The basic idea is that it becomes difficult to recover when you are training every single muscle group near it's MRV (see my article Understanding Volume & Fatigue for an explanation of MRV or Maximum Recoverable Volume). Because of this, you should rotate the muscle groups that you want to focus on the most, while training other muscle groups with enough stimulus to progress, but not near their MRVs.

            Allowing Intensity To Increase

            Regardless of which periodization/progression method you decide to use on your assistance and accessory movements, I suggest allowing the intensity of your sets to creep up throughout the weeks leading up to a deload. I typically recommend that for the majority of your sets during a cycle to never allow your RIR fall to a 1 or below on anything except your last set of an exercise. However, it's okay if you allow your last couple of sets or so to creep up to an RIR of 1 or occasionally even an RIR of 0 during the final weeks leading up to a deload.

            This can sometimes allow you to overreach (essentially train in a way that you would be unable to recover from had you not planned a deload) and can be a beneficial tactic to utilize when you know you have deload coming up.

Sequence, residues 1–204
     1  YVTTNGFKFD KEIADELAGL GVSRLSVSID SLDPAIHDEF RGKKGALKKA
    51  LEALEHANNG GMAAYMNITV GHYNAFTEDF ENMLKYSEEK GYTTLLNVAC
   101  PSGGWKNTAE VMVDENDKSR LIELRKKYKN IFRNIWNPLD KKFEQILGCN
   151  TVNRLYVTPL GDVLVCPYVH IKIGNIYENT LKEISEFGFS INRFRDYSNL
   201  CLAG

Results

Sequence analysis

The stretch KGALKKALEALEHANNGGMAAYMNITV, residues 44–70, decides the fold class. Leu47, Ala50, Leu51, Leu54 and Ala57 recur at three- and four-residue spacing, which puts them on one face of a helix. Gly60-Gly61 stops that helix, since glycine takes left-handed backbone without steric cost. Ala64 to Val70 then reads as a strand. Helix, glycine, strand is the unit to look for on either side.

I suggest only allowing this to happen on the last two weeks of training. Any sooner and your performance may begin to suffer on those final two weeks before a deload.

            Adjustments For Cutting or Strength Focused

            If you're not worried about building maximum amounts of muscle and your main focus is on strength or if you're currently at a reduced capacity to recover due to dieting/cutting, I'd recommend cutting down on the amount of sets and/or exercises performed after your 531 and secondary movements. You may also want to change the routine from Upper, Lower, Rest, Push, Pull, Legs to a typical Upper, Lower, Rest, Upper, Lower routine. Reducing overall volume should make it easier to combine into a 4 day upper/lower split. 

            Don't sweat reducing volume when cutting, studies suggest that maintaining muscle mass requires MUCH less volume than it takes to grow a muscle.